The Annals of the Civil War Written by Leading Participants North and South (ed. Alexander Kelly McClure), General Meade at Gettysburg. (search)
m foremost in all public works, and made his name a household wold in all your homes. During the dark days of our civil war, I happened to be in Washington. He telegraphed me to come and celebrate Easter in his camp, with the Holy Communion. It was a strange place for Easter flowers and Easter songs, and the story of the Resurrection, but I do not recall a sweeter service, nor one more redolent of the peace of heaven. Of the bronzed veterans who knelt beside the Lord's table, some, like Williams and Meade, are sleeping with the dead; others are scattered far, and busy in life's work. That day I knew that we had in our camp centurions who feared God and prayed always. The world loves to tell other stories of public men; and, perhaps, no eye but God's sees the record of the conflict of human souls in the battle of life. Death came suddenly, without the sound of a footfall; there were a few days when friends waited on medical skill, but his heart was in the country whither he was g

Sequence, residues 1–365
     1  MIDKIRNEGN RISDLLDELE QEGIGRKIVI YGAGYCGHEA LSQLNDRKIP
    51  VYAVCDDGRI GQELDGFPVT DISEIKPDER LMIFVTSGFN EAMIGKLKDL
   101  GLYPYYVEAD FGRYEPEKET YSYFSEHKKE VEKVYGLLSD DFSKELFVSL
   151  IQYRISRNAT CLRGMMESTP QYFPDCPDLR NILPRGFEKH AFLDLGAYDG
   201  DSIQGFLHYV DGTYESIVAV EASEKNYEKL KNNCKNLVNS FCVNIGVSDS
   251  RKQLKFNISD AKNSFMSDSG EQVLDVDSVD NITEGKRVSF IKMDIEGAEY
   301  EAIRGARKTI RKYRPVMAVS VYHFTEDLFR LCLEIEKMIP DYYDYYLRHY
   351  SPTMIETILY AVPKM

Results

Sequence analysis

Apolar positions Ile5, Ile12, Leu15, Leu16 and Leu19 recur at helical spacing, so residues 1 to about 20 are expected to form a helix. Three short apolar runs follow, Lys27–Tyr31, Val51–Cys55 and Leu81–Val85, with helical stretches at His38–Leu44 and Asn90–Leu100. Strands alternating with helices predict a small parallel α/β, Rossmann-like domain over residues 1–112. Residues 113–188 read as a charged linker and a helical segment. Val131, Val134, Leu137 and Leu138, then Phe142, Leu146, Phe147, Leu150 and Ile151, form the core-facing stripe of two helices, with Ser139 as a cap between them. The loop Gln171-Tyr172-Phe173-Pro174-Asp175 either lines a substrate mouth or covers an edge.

The Annals of the Civil War Written by Leading Participants North and South (ed. Alexander Kelly McClure), Van Dorn, the hero of Mississippi. (search)
was wonderful. He knew how to care for his men and horses. His own wants were few; his habits simple; he was energetic and enduring; he deferred everything to his military duty; he craved glory beyond everything-high glory; there was no stain of vain glory about anything he ever did or said. As the bravest are ever the greatest, so was he simple and kind, and gentle as a child. I remember one evening on our ride across Arkansas, we stopped at the hospitable house of an old gentlemen (Dr. Williams) about one day's march this side of Van Buren. We were sitting on the portico --Van Dorn and I-when a little child came out to us; he called her to him, and soon had her confidence, and as she told him, in her child-like way, that she was an orphan, and spoke of her mother, lately dead, his eyes filled with tears, and I noticed that he slipped into her hand the only piece of gold he owned, and asked her to get with it something to remember him by. The pre-eminent quality of his milit
The Annals of the Civil War Written by Leading Participants North and South (ed. Alexander Kelly McClure), Death of General John H. Morgan. (search)